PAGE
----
Friday, July 9, 2010

A Private Matter by Kathleen O'Connor

TITLE: A Private Matter
AUTHOR: Kathleen O’Connor
PUBLISHER: Whiskey Creek Press
LENGTH: Novel (roughly 68k)
GENRE: Mystery romance
COST: $6.99

A murder at Rayex Chemical Company creates an opening for struggling Tess McConnell, but she knows from the start she’s not a great fit for the company. She needs the job to pay off the massive credit card debt she accrued putting her abusive ex-boyfriend through school, but she distracts herself from her overwhelming sense of being over her head by trying to find the killer who made her job possible. Another distraction comes in the form of Detective Mitch Gallagher, a man she just can’t figure out. Together, they just might find the answers they’re both looking for, though the most important ones have nothing to do with murder…

I have not read a book with such a misleading blurb in a very long time. Not the one I’ve written above, but the one on the publisher’s website. It reads like a romantic suspense, concentrating on Mitch’s obsession in solving the murder, which is why I was interested. But that’s not what this book is. Oh, sure, the murder is there, but it is background through much of the story. This is far more a character study about two very damaged people, a slow, meandering read that is nothing like the blurb suggested. Someone needs to chuck that blurb and write a new one, especially since it doesn’t even get the name of Mitch’s partner right (his name is Sal, not Sandy).

A very brief prologue puts the reader in the victim’s head as he is leaving work. He recognizes the company's loaner car, and possibly the driver, and then, in a blink, is shot through the head. It’s short, graphic, and to the point, and honestly, leads into the type of story the blurb hinted at. It even plays out in that way for a short period. We meet Mitch as they start out the investigation, and learn he’s a grieving widower, a newish detective, has obsessive food issues, and a dysfunctional family. He and Sal conduct interviews trying to find anything that might pan out, but nothing is coming up. In the process, he meets Tess, who lives with her mother and grandmother in the same building as the victim. He is struck from first sight at how beautiful she is, constantly comparing her to an Irish Celtic queen, yet is so inadequate in small talk, can’t seem to come across as anything but belligerent. Tess is a size sixteen, a year out from a ten-year abusive relationship that left her thousands of dollars in debt, and completely insecure when it comes to the opposite sex. She doesn’t know what to make of Mitch at all, even though she is always aware of his constant presence at the company as he tries to ferret out what happened.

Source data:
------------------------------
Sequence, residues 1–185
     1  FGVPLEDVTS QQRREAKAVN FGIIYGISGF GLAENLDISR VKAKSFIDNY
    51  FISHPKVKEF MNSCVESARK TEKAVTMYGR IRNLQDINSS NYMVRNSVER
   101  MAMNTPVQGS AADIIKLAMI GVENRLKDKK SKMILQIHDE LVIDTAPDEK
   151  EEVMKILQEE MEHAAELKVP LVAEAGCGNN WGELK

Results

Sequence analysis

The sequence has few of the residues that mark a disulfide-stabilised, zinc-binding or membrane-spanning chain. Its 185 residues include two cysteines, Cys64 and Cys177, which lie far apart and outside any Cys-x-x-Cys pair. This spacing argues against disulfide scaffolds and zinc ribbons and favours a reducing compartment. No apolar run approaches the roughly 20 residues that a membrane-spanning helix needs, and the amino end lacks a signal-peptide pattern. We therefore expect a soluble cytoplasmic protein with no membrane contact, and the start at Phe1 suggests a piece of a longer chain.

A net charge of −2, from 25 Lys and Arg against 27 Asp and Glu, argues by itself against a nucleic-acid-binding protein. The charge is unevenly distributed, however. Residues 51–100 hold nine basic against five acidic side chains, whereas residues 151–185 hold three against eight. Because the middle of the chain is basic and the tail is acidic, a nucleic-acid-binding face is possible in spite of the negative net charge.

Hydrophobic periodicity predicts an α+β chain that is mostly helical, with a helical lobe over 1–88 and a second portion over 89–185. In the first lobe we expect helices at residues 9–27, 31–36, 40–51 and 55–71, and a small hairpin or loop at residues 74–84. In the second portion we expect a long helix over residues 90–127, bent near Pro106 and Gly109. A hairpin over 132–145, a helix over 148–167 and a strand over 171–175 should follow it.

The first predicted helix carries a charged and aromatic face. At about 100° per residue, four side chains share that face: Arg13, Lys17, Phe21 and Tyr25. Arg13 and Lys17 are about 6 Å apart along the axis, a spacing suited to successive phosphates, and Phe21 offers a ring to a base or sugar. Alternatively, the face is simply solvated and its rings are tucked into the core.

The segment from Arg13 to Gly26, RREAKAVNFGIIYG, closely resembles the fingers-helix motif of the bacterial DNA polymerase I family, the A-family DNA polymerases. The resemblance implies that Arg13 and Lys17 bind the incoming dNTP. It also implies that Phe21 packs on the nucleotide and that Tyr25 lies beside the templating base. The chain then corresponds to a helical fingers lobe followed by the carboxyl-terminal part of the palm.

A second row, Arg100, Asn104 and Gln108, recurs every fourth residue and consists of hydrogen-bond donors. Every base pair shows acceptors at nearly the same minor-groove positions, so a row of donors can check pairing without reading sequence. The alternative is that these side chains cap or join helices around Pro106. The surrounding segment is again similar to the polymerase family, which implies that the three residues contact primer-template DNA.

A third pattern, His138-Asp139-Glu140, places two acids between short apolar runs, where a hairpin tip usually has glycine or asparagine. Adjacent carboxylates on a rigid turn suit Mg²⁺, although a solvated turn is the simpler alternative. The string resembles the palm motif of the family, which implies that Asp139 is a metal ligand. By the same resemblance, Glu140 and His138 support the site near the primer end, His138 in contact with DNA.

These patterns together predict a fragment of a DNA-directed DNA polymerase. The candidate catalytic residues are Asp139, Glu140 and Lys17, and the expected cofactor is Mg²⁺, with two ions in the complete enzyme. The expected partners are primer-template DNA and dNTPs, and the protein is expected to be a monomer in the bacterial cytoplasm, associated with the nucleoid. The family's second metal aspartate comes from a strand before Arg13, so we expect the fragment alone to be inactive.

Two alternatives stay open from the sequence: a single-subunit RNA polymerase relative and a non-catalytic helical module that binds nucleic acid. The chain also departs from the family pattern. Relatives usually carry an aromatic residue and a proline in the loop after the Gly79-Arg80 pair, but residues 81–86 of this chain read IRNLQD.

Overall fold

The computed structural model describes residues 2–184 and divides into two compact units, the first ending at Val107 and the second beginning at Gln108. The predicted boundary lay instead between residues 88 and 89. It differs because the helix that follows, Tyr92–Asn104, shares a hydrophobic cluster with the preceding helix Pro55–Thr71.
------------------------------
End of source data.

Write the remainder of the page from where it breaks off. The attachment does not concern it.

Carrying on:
Neither lead is your typical romance character. Mitch is obsessive about a lot of different things – cleanliness, food, privacy – enough so to annoy a lot of people. He’s also not your usual bulky alpha. He’s actually on the scrawny side – 155 pounds at 6’1” – and lives on caffeine rather than food. His mother is an alcoholic he has no patience for, he loathes his father, and he’s never been able to cry over his wife’s death from leukemia. Tess is size 16, paranoid about her weight, coming out of the abusive relationship with burn scars and more memories of bruises than anybody should ever have. She’s in intense debt because of her ex, and is forced to live with her widowed mother and her grandmother, whose health is failing fast. Her father was an alcoholic as well, who committed suicide when she was 14, leaving her mother in tremendous debt, too. Both of them are very, very damaged people.